Anti-VEGF and BeyondView this Special Issue
Research Article | Open Access
Switch of Intravitreal Therapy for Macular Edema Secondary to Retinal Vein Occlusion from Anti-VEGF to Dexamethasone Implant and Vice Versa
Purpose. To evaluate the anatomical and functional outcome of intravitreal dexamethasone implant for macular edema secondary to central (C) or branch (B) retinal vein occlusion (RVO) in patients with persistent macular edema (ME) refractory to intravitreal antivascular endothelial growth factor (VEGF) treatment compared to treatment naïve patients and to dexamethasone-refractory eyes switched to anti-VEGF. Methods. Retrospective, observational study including 30 eyes previously treated with anti-VEGF (8 CRVO, 22 BRVO, mean age 69 ± 10 yrs), compared to 11 treatment naïve eyes (6 CRVO, 5 BRVO, 73 ± 11 yrs) and compared to dexamethasone nonresponders (2 CRVO, 4 BRVO, 69 ± 12). Outcome parameters were change in best-corrected visual acuity (BCVA) and central foveal thickness (CFT) measured by spectral-domain optical coherence tomography. Results. Mean BCVA improvement after switch to dexamethasone implant was 4 letters (), and treatment naïve eyes gained 10 letters (), while we noted no change in eyes after switch to anti-VEGF (). Median CFT decrease was most pronounced in treatment naïve patients (−437 μm, ) compared to anti-VEGF refractory eyes (−170 μm, ) and dexamethasone-refractory eyes (−157, ). Conclusions. Dexamethasone significantly reduced ME secondary to RVO refractory to anti-VEGF. Functional gain was limited compared to treatment naïve eyes, probably due to worse BCVA and CFT at baseline in treatment naïve eyes.
Visual impairment secondary to central or branch retinal vein occlusion (CRVO, BRVO) is mostly caused by macular edema. Intravitreal treatment with either anti-VEGF (vascular endothelial growth factor) or corticosteroids is efficacious and safe [1–3]. Anti-VEGF agents that were currently used are ranibizumab (Lucentis, Novartis Pharma, Switzerland) [4–7], aflibercept (Eylea, Bayer AG, Germany) [8–13], and off-label bevacizumab (Avastin, Roche, Germany) [14, 15]. Among intravitreal corticosteroids, dexamethasone implant (Ozurdex, Allergan, Ireland) is a device approved for macular edema secondary to RVO [16, 17] and diabetes. Pivotal trials that led to approval were conducted in parallel so that head-to-head comparison between anti-VEGF agents and dexamethasone implant was missing until very recently. Consequently, evidenced-based recommendations for treatment of macular edema could only be based on indirect comparison, rendering a decision for the first- and second-line therapeutic treatment recommendation almost impossible [1, 2, 18]. Treatment for macular edema could be initiated with both options and should consider the individual ophthalmological disposition and the patients’ circumstances (characteristics to consider are, among others, age, lens status, presence of glaucoma, and mobility).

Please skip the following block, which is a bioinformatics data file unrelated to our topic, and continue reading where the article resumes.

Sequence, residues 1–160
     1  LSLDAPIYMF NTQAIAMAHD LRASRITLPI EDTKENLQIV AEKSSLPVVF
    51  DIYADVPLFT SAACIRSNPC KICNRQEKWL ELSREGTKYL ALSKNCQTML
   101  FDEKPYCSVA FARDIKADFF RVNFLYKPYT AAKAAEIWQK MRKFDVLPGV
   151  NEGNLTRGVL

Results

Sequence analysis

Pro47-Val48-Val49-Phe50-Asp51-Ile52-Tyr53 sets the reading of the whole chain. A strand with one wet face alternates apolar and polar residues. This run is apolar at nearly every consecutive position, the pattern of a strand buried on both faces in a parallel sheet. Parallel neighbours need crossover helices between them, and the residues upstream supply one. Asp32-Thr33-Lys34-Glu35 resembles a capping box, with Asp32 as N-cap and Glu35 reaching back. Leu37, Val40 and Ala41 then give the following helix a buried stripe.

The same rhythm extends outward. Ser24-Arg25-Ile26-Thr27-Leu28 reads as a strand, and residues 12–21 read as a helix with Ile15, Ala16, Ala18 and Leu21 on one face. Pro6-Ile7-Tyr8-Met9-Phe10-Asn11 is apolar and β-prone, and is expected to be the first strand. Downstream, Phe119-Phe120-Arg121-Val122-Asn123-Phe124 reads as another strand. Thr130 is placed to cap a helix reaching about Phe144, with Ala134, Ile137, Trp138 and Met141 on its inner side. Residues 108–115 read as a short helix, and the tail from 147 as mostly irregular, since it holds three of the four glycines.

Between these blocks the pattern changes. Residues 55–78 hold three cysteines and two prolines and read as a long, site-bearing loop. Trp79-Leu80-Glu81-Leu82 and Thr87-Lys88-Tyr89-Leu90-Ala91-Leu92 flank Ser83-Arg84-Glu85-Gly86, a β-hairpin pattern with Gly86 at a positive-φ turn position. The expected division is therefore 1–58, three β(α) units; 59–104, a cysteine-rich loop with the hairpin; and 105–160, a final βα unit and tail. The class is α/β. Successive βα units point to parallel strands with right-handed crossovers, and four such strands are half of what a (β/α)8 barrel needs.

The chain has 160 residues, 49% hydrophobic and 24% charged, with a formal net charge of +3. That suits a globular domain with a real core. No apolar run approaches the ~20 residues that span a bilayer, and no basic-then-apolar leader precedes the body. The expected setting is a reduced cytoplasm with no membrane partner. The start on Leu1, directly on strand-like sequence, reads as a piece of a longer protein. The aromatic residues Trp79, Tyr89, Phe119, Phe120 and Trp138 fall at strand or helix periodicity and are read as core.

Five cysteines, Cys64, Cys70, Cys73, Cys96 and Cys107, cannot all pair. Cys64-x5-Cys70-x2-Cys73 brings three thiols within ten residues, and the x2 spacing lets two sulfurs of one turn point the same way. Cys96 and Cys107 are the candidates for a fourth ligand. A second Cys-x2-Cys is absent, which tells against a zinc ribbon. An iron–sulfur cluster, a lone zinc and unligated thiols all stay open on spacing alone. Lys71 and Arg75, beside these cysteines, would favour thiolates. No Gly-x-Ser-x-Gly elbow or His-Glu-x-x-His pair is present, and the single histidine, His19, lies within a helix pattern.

Head-to-head trials comparing dexamethasone and ranibizumab for macular edema due to RVO are COMO (http://clinicaltrials.gov ), COMRADE-B , COMRADE-C , and COMRADE-Extension trials [submitted by Feltgen et al.]. Results of direct comparison show that both treatments lead to significant improvement of best-corrected visual acuity (BCVA) and macular morphology, but continuous treatment with anti-VEGF ranibizumab given on a pro re nata (PRN) regimen is superior compared to dexamethasone implant at six months (given at a minimum of six months, following the European label and COMRADE trials [20, 21]) as well as compared to PRN dexamethasone after 12 months (given at a minimum of 5-month intervals, COMO trial ). Retrospective comparative real-life studies suggest a comparable effect of anti-VEGF injections and dexamethasone implant based on PRN regimen for both [22, 23]. Current experts’ consensus recommend intravitreal anti-VEGF first line with a minimum of 3 consecutive monthly injections [3, 24–27]. In case of insufficient effect and persistent or recurrent macular edema, a switch between intravitreal treatments is recommended. This could either be a switch between different anti-VEGF agents or a switch to dexamethasone implant. There is no evidence from prospective randomized controlled trials (RCT) investigating such a switch. But results from pivotal trials as well as knowledge on switch of intravitreal therapy in age-related macular degeneration [28, 29] support the supposed approach.